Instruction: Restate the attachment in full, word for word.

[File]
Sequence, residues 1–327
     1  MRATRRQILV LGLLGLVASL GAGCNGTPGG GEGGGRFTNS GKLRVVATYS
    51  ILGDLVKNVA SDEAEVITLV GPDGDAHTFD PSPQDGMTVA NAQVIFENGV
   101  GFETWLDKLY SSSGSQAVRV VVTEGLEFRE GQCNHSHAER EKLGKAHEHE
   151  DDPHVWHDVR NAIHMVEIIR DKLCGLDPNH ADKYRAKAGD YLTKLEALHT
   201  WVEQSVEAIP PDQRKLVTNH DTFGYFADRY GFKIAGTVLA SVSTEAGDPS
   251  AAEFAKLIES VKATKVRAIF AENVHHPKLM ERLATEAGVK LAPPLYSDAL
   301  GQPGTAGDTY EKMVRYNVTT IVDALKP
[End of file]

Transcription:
Sequence, residues 1–327
     1  MRATRRQILV LGLLGLVASL GAGCNGTPGG GEGGGRFTNS GKLRVVATYS
    51  ILGDLVKNVA SDEAEVITLV GPDGDAHTFD PSPQDGMTVA NAQVIFENGV
   101  GFETWLDKLY SSSGSQAVRV VVTEGLEFRE GQCNHSHAER EKLGKAHEHE
   151  DDPHVWHDVR NAIHMVEIIR DKLCGLDPNH ADKYRAKAGD YLTKLEALHT
   201  WVEQSVEAIP PDQRKLVTNH DTFGYFADRY GFKIAGTVLA SVSTEAGDPS
   251  AAEFAKLIES VKATKVRAIF AENVHHPKLM ERLATEAGVK LAPPLYSDAL
   301  GQPGTAGDTY EKMVRYNVTT IVDALKP